Cinema Classics: Vertigo

image Written by: Ben

image

By the time I am writing this it is already Wednesday, August 14th, so I am admittedly already late for Alfred Hitchcock’s birthday, but that’s just because I suck at dates. Even still its probably not even going up today, but I still totally felt like I should write something about one of my favorites of his films to recommend it to you guys. The challenge though is deciding which to write about as he has so many great films. After much deliberation I decided not to do the one that is probably my favorite in general (North By Northwest) but rather my favorite classic that I feel most who haven’t seen much of his work are a bit intimidated by. That movie, as the title and above image says, is Vertigo, the windy suspense (some mislable it as ‘horror’) mystery thriller starring Jimmy Stewart. Its understandable why some are apprehensive of it as it is a bit crazy, but I’m here to explain why you shouldn’t be afraid of sitting down and watching this one.

As per usual I want to start off going over the plot to help you guys understand what I’m talking about as I recommend it. John “Scotty” Ferguson (Stewart) is a ex-Police officer who retired after his latent acrophobia (or severe vertigo) leads to the death of another officer. We see him in the home of his former fiancé Midge Wood (Barbara Geddes) where she is urging him to go on vacation, which he declines instead turning the discussion to a recent contact from his old college friend Gavin Elster (Tom Helmore). When he meets Elster, now a successful business man, we learn he wants Scottie to tale his wife Madelne (KIm Novak) as he is concerned about her mental state. What follows is windy messy investigation that will challenge Scottie’s resolve and his ability to deal with vertigo.

image

That is the plot and can honestly until the last quarter of the movie that is all you need to take into consideration, but it can be confusing if you’re not used to these windy thrillers, or Hitchcock. You likely know a fair bit of the big problem that occurs as it is the most well-known part of this movie for most, but I don’t want to spoil that. If you can’t follow it clearly up to that point, the last quarter will likely not make any more sense to you, and this is why I understand the apprehension. Truly I have to say that this isn’t the movie to start off on for getting into Hitchcock, but if you have gotten through the big ones like North By Northwest and Psycho already and you feel like you have a grasp of his psychological style then you’ll be golden. But now that I’ve addressed that concern let me address what is great about this movie.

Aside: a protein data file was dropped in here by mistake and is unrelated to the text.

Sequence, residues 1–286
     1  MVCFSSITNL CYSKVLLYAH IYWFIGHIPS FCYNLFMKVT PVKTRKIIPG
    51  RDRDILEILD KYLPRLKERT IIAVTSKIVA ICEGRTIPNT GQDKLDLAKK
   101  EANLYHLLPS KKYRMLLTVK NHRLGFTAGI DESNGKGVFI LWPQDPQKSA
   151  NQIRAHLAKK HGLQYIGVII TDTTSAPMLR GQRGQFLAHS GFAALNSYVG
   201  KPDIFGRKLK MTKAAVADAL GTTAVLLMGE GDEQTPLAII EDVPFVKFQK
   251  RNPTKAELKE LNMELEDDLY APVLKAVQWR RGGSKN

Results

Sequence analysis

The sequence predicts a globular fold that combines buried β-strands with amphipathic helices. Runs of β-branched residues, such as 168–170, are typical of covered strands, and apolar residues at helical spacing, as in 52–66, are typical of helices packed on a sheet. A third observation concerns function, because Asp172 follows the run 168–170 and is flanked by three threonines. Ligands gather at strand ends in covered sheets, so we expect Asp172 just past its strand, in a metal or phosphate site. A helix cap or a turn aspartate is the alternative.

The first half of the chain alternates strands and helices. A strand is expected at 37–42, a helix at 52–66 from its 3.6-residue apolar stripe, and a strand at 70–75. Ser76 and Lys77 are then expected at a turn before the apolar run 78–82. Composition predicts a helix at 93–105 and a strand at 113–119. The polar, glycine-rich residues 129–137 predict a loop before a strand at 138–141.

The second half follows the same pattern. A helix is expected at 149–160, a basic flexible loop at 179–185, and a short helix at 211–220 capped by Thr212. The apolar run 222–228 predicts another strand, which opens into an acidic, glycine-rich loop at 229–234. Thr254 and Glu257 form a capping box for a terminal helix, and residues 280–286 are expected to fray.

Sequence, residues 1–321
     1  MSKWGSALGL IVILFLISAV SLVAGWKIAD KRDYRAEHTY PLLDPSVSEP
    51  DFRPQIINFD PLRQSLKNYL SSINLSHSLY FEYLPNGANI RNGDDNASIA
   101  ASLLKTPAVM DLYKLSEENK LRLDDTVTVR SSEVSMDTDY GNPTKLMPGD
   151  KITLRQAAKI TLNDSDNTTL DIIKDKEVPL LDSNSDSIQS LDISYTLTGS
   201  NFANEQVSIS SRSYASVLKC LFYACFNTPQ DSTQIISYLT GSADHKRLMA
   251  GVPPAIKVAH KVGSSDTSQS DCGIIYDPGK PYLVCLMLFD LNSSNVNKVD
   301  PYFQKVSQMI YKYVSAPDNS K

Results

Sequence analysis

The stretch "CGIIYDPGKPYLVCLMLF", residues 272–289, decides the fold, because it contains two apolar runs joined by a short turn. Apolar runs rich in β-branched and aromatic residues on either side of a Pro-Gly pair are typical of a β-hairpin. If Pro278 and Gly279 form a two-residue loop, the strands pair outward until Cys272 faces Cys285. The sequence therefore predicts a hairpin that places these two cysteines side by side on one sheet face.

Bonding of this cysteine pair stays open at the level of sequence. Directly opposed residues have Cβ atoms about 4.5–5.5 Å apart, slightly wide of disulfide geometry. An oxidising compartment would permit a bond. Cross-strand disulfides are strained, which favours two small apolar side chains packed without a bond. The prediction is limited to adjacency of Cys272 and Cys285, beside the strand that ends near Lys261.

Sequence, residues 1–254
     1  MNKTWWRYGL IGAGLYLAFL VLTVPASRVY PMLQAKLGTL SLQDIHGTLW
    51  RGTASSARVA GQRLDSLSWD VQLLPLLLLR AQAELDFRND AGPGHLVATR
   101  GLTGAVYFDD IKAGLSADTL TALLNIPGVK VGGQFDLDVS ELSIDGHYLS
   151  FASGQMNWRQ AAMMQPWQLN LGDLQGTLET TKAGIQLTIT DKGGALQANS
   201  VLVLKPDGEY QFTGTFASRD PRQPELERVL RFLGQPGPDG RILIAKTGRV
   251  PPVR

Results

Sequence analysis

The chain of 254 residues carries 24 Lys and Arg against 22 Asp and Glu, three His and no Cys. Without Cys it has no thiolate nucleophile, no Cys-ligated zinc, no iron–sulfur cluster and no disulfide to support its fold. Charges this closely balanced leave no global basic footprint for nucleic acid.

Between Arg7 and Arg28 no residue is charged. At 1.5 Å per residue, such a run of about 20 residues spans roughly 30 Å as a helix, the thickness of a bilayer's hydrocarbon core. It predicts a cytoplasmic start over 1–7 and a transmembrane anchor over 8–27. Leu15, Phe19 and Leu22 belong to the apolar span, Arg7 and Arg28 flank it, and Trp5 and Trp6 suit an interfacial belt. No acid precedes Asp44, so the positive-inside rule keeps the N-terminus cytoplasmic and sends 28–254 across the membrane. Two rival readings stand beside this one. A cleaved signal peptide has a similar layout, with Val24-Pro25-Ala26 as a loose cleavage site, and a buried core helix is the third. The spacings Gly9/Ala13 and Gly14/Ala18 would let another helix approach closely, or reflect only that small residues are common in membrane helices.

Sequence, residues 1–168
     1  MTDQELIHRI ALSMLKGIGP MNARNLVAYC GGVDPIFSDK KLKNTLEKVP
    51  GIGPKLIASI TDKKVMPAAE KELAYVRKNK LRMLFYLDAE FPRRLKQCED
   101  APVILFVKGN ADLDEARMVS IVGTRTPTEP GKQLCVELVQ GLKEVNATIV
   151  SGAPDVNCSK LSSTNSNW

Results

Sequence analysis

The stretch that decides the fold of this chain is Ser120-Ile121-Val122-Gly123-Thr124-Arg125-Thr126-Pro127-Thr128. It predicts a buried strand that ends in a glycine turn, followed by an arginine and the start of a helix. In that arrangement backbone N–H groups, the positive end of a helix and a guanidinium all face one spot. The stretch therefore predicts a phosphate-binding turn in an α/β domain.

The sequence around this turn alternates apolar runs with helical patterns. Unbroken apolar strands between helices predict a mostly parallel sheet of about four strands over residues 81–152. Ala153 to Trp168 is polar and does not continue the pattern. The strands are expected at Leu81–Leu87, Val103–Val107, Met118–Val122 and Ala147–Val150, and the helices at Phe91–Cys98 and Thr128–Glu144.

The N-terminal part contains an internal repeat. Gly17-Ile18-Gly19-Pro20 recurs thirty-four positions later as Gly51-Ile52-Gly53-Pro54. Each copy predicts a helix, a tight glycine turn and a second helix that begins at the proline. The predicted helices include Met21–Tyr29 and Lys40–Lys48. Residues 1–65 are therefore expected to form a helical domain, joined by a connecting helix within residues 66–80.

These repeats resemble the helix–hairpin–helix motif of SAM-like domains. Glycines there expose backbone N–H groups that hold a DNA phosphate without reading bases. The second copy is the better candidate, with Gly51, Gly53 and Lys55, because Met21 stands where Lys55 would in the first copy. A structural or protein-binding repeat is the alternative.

First off on what makes it so good is clearly the talented cast that bring the film to life. As can be expected, the most notable star is our leading man Jimmy Stewart, a man who basically made a career on being a something of a stand-in for the everyman that everyone latched on to.  From Rear Window to It’s a Wonderful Life he exudes an energy and a relatability that lives here as well and you fully understand him throughout. Next up is the lovely Kim Novak who is mysterious and lovely and hard to take your eyes off of throughout the film. Barbara Geddes as the bookish yet cute and playful Midge is great as she plays off of Stewart whom she has a playful, almost sisterly in their relationship. Lastly there is Helmore who is both a little bit eccentric and a bit guarded but truly sells his role as a concerned husband asking an old friend for help, even if it comes off a bit thick at times.

Finally I want to touch on the directing and design of this movie as a whole. It really is a gorgeously shot film with some great scenery in and around the area of San Francisco. However, it isn’t just in the great locations and shots of them, but also how its shot with appropriate dutch angles as things get strange and confusing. There are also the times that it is a psychological break shown by twisted shots and interesting colorization of the shots to turn the movie on its head. It’s a proper mix of a noire and thriller and in the end that leads to a very interesting movie that is bound to hold your attention if you can keep up with it. As I said, this isn’t quite for those uninitiated into Hitchcock or mysteries, and its even understandable why it did fairly poorly when first released to theaters, but overall it stands as one of his very best thanks to the interesting path it takes you down.

About Original Author

This is a legacy post, and information about the original author may be found in the body of the review.